Date of Conferral

2019

Degree

Ph.D.

School

Public Health

Advisor

Maria Rangel

Abstract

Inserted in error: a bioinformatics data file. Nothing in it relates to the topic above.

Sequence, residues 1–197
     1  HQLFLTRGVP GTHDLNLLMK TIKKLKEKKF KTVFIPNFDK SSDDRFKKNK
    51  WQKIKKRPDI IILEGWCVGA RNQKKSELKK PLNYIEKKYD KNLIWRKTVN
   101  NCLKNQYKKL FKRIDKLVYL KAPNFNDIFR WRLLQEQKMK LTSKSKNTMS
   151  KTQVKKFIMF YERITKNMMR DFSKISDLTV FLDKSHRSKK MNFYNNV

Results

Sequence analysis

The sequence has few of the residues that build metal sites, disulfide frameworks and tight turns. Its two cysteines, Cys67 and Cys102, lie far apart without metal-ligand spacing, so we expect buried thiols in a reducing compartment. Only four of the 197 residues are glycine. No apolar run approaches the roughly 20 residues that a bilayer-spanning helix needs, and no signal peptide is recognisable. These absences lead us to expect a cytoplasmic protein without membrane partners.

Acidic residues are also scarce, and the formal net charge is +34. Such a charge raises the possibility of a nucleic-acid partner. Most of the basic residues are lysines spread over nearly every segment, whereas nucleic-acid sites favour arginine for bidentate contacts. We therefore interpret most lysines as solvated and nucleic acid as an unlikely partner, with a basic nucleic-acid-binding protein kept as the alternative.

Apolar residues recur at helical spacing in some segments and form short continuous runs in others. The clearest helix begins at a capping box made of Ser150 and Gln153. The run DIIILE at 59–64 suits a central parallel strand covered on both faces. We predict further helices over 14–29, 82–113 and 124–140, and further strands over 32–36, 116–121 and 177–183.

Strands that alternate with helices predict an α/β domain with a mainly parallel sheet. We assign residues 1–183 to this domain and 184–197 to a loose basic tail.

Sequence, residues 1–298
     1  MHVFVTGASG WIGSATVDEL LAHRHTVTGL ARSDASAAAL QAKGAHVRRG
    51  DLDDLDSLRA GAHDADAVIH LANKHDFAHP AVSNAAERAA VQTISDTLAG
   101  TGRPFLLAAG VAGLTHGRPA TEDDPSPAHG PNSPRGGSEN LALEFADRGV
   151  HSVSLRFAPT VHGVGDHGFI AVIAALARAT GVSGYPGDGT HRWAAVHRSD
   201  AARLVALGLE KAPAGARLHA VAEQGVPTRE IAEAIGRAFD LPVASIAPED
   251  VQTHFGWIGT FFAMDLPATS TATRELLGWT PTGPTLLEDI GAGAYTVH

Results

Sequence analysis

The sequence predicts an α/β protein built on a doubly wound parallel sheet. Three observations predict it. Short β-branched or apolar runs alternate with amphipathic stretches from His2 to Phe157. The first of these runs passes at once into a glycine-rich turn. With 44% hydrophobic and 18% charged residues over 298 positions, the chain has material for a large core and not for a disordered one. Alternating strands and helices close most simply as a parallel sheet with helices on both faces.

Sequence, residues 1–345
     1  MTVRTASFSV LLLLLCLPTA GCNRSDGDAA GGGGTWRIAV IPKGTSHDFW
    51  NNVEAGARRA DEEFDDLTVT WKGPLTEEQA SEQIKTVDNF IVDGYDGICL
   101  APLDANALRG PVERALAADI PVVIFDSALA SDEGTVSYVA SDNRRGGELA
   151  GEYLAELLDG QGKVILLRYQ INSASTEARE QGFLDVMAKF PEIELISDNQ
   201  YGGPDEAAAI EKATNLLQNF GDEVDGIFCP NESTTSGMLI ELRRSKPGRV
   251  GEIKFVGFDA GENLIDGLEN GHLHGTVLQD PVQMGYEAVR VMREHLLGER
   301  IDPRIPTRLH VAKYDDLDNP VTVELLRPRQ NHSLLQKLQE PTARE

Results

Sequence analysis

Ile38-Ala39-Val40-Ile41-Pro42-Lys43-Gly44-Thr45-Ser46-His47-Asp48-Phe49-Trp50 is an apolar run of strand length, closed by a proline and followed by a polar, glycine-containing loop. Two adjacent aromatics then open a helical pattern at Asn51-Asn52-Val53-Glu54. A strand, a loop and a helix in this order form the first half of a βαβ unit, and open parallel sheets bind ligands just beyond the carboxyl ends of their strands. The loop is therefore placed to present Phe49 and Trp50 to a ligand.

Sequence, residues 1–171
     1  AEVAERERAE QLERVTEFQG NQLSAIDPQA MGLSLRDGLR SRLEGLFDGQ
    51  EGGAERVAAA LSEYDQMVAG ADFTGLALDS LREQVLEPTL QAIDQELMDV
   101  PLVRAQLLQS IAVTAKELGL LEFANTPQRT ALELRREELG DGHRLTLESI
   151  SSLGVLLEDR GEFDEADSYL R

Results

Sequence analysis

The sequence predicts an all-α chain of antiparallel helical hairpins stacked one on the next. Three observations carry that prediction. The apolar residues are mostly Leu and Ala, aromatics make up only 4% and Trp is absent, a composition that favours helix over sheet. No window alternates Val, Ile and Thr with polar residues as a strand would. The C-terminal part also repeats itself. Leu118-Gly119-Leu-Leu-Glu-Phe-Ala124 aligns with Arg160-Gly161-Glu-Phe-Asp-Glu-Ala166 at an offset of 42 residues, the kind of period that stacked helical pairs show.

Human papillomavirus (HPV) is the most common sexually transmitted infection and the leading cause of cervical cancer in the United States. Women from racial and ethnic minorities with genital HPV are 2 to 3 times more likely to develop cervical cancer. Vaccines are currently available to prevent HPV infections; however, despite their effectiveness, national completion rates for these vaccines remain low among Hispanic adolescents compared to non-Hispanic White adolescents. The reasons for this racial/ethnic disparity are not fully understood. In this quantitative, cross-sectional study, which was guided by the socioecological framework, the extent to which insurance coverage and having a source of health care influenced completion of the HPV vaccine series among Hispanic adolescent girls was examined. Nationally representative data from the 2016 National Immunization Survey-Teen was analyzed. Results of multiple logistic regression showed that gaps in insurance coverage did not adversely affect completing the HPV vaccine series. Hispanic girls with continuous health insurance coverage (p < .001) and girls who experienced gaps in health insurance coverage (p < .001) were significantly more likely to complete the HPV vaccine series compared to Hispanic girls who were uninsured. These results can be used to guide effective strategies to increase HPV vaccination among Hispanic adolescents. Increasing the HPV vaccine series completion rate among Hispanic adolescents has important implications for positive social change, including decreasing their risk of infections, reducing the prevalence of cervical cancers later in life, and decreasing the economic burden associated with HPV infections among Hispanic women.

 
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